A ring fitted to a White-tailed Eagle nestling that fledged in the Highland region of Scotland in 1996 allowed the individual to be identified in the field as an adult bird in 2020, making it the oldest known bird of this species in in Britain and Ireland, according to the British Trust for Ornithology’s (BTO) latest ringing report.
In contrast, with a wingspan of just 18cm, the Chiffchaff, a type of warbler, is among the smallest of our breeding birds. The species has a typical lifespan of around two years but an individual ringed at Rutland Water in July 2009 has become the oldest known Chiffchaff in Britain and Ireland. It was recaptured 10 years, 10 months and 27 days after the first encounter, since when it must have clocked up around 10,000 miles commuting annually between its breeding site in Rutland and its wintering grounds in Iberia or Northern Africa.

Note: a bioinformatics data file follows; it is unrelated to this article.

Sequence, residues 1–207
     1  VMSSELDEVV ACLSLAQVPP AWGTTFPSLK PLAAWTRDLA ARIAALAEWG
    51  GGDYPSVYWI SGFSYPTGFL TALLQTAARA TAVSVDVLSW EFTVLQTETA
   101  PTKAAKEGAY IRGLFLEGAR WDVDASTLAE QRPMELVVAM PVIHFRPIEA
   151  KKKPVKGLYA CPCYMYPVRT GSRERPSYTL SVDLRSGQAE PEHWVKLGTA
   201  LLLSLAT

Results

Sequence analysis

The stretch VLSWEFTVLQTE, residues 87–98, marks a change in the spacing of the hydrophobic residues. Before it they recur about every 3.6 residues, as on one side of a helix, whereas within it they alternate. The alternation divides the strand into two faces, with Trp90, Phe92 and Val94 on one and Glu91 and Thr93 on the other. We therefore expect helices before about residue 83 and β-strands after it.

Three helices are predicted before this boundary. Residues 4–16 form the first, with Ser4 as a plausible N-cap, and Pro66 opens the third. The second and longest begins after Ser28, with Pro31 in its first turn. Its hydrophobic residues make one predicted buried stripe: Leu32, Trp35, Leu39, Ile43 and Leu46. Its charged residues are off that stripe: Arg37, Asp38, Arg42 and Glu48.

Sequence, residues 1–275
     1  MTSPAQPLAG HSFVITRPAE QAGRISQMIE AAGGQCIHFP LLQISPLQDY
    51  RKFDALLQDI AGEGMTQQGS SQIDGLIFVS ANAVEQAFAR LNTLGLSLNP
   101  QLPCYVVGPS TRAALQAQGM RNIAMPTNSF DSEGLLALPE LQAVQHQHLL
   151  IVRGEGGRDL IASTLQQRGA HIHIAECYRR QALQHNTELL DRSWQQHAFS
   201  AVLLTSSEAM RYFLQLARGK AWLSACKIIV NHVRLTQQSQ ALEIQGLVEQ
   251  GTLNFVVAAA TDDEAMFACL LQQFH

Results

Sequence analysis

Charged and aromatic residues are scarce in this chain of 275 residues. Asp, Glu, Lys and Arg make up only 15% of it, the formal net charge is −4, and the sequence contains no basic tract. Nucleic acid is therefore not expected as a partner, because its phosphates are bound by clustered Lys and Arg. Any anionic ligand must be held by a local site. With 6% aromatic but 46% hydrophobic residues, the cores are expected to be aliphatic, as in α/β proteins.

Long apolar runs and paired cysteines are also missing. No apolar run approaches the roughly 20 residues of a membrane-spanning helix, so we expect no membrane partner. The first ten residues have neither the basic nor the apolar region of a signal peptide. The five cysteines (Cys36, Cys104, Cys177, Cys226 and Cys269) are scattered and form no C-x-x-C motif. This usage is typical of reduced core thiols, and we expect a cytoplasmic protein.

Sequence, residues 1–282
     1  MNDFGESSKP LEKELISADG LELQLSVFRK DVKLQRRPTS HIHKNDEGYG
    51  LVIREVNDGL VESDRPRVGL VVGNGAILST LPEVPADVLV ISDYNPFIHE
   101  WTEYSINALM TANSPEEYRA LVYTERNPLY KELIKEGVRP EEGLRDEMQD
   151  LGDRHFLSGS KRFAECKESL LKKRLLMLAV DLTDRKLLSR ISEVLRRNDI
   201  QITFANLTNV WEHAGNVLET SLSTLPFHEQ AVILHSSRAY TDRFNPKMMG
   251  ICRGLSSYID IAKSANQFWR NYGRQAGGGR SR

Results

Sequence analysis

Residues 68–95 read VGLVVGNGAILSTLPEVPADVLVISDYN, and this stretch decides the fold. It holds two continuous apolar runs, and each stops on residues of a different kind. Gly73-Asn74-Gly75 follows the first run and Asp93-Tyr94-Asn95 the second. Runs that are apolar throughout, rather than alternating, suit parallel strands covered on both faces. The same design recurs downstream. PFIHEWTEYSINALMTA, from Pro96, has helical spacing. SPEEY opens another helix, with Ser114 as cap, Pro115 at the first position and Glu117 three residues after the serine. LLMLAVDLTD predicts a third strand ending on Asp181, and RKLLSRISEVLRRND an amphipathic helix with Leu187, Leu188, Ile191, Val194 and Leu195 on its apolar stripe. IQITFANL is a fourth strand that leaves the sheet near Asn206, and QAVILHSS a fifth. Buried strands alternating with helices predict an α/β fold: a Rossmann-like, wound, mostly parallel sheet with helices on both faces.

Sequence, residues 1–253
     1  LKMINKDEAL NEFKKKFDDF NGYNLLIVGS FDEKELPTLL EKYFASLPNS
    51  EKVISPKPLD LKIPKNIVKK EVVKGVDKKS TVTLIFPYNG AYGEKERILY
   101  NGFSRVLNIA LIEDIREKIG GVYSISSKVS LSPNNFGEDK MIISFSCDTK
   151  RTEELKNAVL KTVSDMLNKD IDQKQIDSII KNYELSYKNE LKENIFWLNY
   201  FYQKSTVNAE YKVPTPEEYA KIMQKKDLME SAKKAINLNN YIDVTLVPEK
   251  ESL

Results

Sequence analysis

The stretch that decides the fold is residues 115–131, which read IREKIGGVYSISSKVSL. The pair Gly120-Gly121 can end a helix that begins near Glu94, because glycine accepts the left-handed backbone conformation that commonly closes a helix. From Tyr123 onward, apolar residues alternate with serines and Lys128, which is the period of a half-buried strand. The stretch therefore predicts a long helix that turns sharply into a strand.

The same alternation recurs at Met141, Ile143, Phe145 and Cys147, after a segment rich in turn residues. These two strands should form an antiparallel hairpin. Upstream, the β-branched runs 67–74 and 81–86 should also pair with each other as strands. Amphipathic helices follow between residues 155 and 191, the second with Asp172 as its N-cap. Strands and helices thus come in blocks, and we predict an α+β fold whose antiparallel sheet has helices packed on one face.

Lee Barber, Ringing & Nest Recording Surveys Organiser at BTO, noted that:
BTO Researcher Rob Robinson is one of the scientists who analyses the huge dataset generated by the efforts of these volunteers.
More information can be found on the Online Ringing Report.
Source: BTO. BTO’s work is funded by BTO supporters, government, trusts, industry and conservation organisations. www.bto.org